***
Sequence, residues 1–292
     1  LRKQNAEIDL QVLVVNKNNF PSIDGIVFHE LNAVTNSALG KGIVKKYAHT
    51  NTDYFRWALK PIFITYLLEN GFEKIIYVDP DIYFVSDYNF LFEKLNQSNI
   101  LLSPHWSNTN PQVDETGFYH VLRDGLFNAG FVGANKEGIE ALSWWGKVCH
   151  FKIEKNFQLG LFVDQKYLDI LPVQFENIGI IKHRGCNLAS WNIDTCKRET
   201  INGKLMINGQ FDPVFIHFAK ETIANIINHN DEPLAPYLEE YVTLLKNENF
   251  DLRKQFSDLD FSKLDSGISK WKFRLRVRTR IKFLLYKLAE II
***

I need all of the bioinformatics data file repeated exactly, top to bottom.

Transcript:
Sequence, residues 1–292
     1  LRKQNAEIDL QVLVVNKNNF PSIDGIVFHE LNAVTNSALG KGIVKKYAHT
    51  NTDYFRWALK PIFITYLLEN GFEKIIYVDP DIYFVSDYNF LFEKLNQSNI
   101  LLSPHWSNTN PQVDETGFYH VLRDGLFNAG FVGANKEGIE ALSWWGKVCH
   151  FKIEKNFQLG LFVDQKYLDI LPVQFENIGI IKHRGCNLAS WNIDTCKRET
   201  INGKLMINGQ FDPVFIHFAK ETIANIINHN DEPLAPYLEE YVTLLKNENF
   251  DLRKQFSDLD FSKLDSGISK WKFRLRVRTR IKFLLYKLAE II